2.3 The environment on the Moon is very dangerous for the astronauts. Explain how your Moon Camp will protect them. (maximum 150 words)

Our base is located in an old lava tunnel which was dug several dozen meters below the surface. The thick layer of lunar soil protects astronauts from the main dangers on the Moon, such as radiation emitted from the Sun and frequent small or large meteor showers. In addition to its proximity to the South Pole, making the temperatures more pleasant (between -50 °C and 0 °C), this underground location further reduces the impact of the temperature on the astronauts (approximately -20 °C in the lava tube). The materials used in the manufacture of our Moon Camp are chosen to improve this natural protection.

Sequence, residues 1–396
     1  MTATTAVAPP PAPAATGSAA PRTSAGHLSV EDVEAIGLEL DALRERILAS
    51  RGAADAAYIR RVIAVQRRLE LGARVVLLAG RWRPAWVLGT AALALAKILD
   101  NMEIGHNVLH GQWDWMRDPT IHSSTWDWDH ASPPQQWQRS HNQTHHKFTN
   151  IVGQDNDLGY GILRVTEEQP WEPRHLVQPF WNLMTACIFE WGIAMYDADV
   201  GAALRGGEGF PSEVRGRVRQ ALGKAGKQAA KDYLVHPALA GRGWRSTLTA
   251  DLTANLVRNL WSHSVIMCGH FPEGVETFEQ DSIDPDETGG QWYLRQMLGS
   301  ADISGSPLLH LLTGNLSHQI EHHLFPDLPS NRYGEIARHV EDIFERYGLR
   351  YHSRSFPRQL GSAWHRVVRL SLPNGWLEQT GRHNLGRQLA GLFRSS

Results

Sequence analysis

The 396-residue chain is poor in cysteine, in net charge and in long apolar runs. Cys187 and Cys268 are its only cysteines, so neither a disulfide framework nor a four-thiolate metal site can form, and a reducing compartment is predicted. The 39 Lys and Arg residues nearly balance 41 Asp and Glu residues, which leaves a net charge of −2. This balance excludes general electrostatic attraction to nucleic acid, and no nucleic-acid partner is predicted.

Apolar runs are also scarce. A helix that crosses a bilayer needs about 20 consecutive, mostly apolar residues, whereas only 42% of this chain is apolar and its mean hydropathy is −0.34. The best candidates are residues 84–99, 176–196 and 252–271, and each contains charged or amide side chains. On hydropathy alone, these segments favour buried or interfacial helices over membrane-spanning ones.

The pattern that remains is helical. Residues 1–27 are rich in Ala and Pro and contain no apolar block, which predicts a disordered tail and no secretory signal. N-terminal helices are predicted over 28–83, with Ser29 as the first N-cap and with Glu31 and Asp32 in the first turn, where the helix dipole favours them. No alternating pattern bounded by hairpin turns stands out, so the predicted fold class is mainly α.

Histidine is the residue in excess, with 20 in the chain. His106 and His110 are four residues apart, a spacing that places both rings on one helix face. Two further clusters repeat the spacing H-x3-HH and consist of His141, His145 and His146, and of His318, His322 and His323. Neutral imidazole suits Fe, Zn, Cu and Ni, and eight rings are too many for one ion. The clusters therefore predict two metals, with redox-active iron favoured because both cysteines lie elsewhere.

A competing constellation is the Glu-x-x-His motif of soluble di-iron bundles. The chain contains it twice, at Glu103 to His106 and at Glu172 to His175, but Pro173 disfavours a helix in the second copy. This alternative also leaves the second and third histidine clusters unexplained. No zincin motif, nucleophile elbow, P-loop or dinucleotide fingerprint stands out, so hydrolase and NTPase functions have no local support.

2.4 Explain how your Moon Camp will provide the astronauts with:

Astronauts take water with them on takeoff. Each Shelter uses the same water recovery system as in the ISS: the Water Recovering System (WRS). It collects water from all over the base: toilet, shower, all waste water as well as air humidity, the condensation and perspiration. This water is then filtered and purified. This makes it possible to have an almost closed circuit within our Moon Camp: indeed, the system does not recover all the water used, which is why cargo ships will regularly come to supply the base.

In the long term, we can imagine that astronauts will extract freezing water from the poles to be more autonomous.